Walmart’s grocery biz is driven by demand, not by do-gooding
Through a special arrangement, presented here for discussion is a summary of a current article from the Spieckerman Retail blog.
Walmart has earned some praise in the mainstream press for democratizing organics, particularly from a price perspective. But Charles Redfield, Walmart’s EVP of its U.S. food division, said it still boils down to supply and demand.
On the supply side, it takes three years for a farmer to transition a field over to organics, so expanding assortments takes time, Mr. Redfield said in a recent presentation to the Bentonville Bella Vista Chamber’s WalStreet supplier group.
But it was the demand side of the conversation that revealed what could be considered a contrarian strategy, given other retailers’ recent moves. For example, Target and CVS have both taken a somewhat dictatorial stance on emphasizing healthier options. Target put major suppliers on notice and changed up assortments, while CVS eliminated tobacco in its stores and backed its decision up with an anti-tobacco crusade. Both moves were supported by shifts in consumer sentiments to some degree, but the magnitude of the changes that these retailers implemented veered toward shaping behavior, not just responding to demand.
Walmart has found success on the value side with two-for-a-dollar fruit pies as well as a three-pound “Sasquatch” pizza for under $10.00, Mr. Redfield said the company still “over-indexes on belly-fillers.” Clearly, Walmart isn’t wagging any fingers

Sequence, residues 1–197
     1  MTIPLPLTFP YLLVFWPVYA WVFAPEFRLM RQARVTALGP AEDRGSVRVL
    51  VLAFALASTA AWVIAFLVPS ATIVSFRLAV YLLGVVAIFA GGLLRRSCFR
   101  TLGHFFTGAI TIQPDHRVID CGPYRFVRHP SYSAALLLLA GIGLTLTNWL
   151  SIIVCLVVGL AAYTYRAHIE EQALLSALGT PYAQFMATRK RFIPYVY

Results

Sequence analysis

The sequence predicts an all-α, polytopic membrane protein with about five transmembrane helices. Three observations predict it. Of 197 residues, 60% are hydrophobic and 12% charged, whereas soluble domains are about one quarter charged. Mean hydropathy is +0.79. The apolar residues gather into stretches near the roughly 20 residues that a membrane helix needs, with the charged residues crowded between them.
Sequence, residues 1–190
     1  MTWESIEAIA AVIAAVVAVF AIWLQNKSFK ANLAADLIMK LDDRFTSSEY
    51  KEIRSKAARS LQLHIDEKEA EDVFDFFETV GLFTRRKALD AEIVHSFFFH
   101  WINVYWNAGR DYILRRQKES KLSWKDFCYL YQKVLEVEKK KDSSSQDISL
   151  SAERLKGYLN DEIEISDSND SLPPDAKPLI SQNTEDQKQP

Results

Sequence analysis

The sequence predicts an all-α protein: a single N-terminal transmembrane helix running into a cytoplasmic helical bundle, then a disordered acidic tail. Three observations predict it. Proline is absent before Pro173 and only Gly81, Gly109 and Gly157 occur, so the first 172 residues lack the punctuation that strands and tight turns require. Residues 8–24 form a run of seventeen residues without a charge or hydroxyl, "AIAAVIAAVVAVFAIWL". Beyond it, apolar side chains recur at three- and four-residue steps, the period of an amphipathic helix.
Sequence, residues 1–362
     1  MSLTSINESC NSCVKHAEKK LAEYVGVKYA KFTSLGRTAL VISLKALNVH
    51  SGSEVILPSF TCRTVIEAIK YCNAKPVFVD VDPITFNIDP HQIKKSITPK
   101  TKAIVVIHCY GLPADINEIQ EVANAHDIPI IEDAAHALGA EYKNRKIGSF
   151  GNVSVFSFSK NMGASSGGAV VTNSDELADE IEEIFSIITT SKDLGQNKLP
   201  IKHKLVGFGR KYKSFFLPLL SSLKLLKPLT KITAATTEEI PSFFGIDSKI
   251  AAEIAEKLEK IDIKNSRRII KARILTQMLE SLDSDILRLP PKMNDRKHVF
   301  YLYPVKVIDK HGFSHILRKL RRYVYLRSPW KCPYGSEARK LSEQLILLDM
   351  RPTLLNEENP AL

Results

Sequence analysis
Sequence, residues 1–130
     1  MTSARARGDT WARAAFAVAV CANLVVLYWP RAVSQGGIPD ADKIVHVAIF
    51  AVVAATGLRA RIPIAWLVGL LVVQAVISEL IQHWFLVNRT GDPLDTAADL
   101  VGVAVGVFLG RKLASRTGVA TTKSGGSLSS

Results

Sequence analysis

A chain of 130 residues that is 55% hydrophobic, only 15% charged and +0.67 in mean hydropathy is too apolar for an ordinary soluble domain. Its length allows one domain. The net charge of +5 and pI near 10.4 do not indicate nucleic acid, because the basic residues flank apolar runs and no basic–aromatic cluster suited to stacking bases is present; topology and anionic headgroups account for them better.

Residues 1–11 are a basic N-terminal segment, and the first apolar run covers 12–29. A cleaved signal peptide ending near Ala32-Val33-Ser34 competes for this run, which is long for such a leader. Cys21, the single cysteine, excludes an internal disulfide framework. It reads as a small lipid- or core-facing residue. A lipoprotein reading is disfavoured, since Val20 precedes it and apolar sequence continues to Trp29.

Mr. Redfield made it clear that Walmart will lean into organics, natural, gluten-free, non-GMO and other movements only to the degree that its customers support them.
His overall presentation detailed the many investments Walmart is making in in-store presentation, sourcing, and its overall organizational structure to “grow and win for the long term.” Walmart will launch a “sensory food lab” prior to its upcoming shareholders’ meeting to help shift from simply selling a lot of food to instilling a true “food culture” within the organization.
Walmart also hasn’t wavered in making price leadership its top priority. Today, shoppers can easily validate retailers’ price claims online, and, according to Mr. Redfield, they “check it a lot.”
To what degree should organics expansion be driven by consumer demand versus pushed to support do-good ambitions? Does a healthy-for-you positioning work for or against retailers?